Wort chilling

Discussion in 'General Brewing Discussions' started by RAtkison, May 18, 2018.

  1. RAtkison

    RAtkison Member

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    I have been brewing 5 gallon batches and am thinking about moving up to a 10 gallon batch this weekend. All of my equipment is capable of mashing and brewing this volume but I am not sure about my immersion chiller. I am using a homemade 25' 3/8" immersion chiller in line with a 20' 1/4" copper chiller which will be submerged in ice water to keep the temperature low. It has taken about 20 minutes in the past to get down to 75-80 degrees for 5 gallons in my keggle, so i'm guessing it will probably be about 45 minutes to get 10 gallons down to this temperature with my current chiller. Should I consider making a 50' 3/8" chiller for these larger batches? I could go the counter flow chiller route but don't have a pump to circulate and i'd rather put off any major purchases until I have time to upgrade my whole setup. Any input is appreciated!
     
  2. jeffpn

    jeffpn Well-Known Member

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    You don’t need to have a pump with a counterflow chiller. You just need gravity. When I did it, I had the kettle on a table which was on cinderblocks, so the bottom of the kettle was probably 3 1/2 feet high. The CFC sat on a chair, and the fermenter was on the floor. Flow was not an issue, but you’ll need a pump to get it going. By that I mean a pump designed to transfer liquids like below. That one works well.

    Do you stir the wort when using the immersion chiller? That greatly reduces the time required to chill.

    Siphon Pump https://www.lowes.com/pd/Siphon-Pump/3142667
     
  3. RAtkison

    RAtkison Member

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    Does the counterflow chiller get the wort down to pitching temperatures after one pass? I like the idea of using this, just want to make sure it is worth the investment and i'm not replacing it 2 months later for something better.

    I typically will stir the wort with the immersion chiller slowly every several minutes as well as spray off the keg with water to help lower the temp.
     
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  4. jeffpn

    jeffpn Well-Known Member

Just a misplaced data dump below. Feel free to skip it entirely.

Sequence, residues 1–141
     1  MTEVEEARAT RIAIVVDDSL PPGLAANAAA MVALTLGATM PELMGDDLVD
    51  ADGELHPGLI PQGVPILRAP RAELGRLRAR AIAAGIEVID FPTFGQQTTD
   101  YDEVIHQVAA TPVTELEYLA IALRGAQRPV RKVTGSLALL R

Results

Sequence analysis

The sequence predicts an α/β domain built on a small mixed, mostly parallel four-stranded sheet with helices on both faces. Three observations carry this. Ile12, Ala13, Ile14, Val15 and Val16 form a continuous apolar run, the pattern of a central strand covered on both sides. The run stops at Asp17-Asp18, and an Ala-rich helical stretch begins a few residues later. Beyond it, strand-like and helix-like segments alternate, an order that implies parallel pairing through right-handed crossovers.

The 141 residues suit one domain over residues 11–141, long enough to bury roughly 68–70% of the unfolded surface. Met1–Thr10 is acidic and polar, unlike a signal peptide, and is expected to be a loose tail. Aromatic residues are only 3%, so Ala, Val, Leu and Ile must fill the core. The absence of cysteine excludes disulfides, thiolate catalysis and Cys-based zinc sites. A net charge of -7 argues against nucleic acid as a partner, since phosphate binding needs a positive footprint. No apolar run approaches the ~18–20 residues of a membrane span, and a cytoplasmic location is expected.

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    You need a vigorous stir the entire time when using an immersion chiller. I get mine chilled to 70° in 4 to 4 1/2 minutes. I cheat and use a paddle on a cordless drill. Try this: test the temperature of the output water while not stirring. Then vigorously stir, and test while stirring. Careful, it’s scaldingly hot. That’s the heat you’re getting rid of.

    I only used one pass on my CFC. If I had the cold water on full, it’d chill to about 63-64°, so I adjusted accordingly.
     
  5. RAtkison

    RAtkison Member

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    Great information, much appreciated! Going to try with my current setup and stir as you said, if that doesn't work I'll consider the CFC. Thanks!
     
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  6. Michael_biab

    Michael_biab Member

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    One suggestion you might try is to submerge your kettle in ice water (or at least cold water) after flame-out, and during cooling. That way you don't have to spray the kettle with water, especially if you'll be busy with stirring!

    I like your idea of keeping it simple with an immersion chiller, especially a larger one. A pro brewer I ran into on National Homebrew Day said that homebrewers who keep it simple enjoy often enjoy it more! Good luck!
     
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  7. BoomerBrian

    BoomerBrian Active Member

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    I have never stirred but am going to try on my next brew. I am curious to see how much time it can shave off.
     
  8. Hogarthe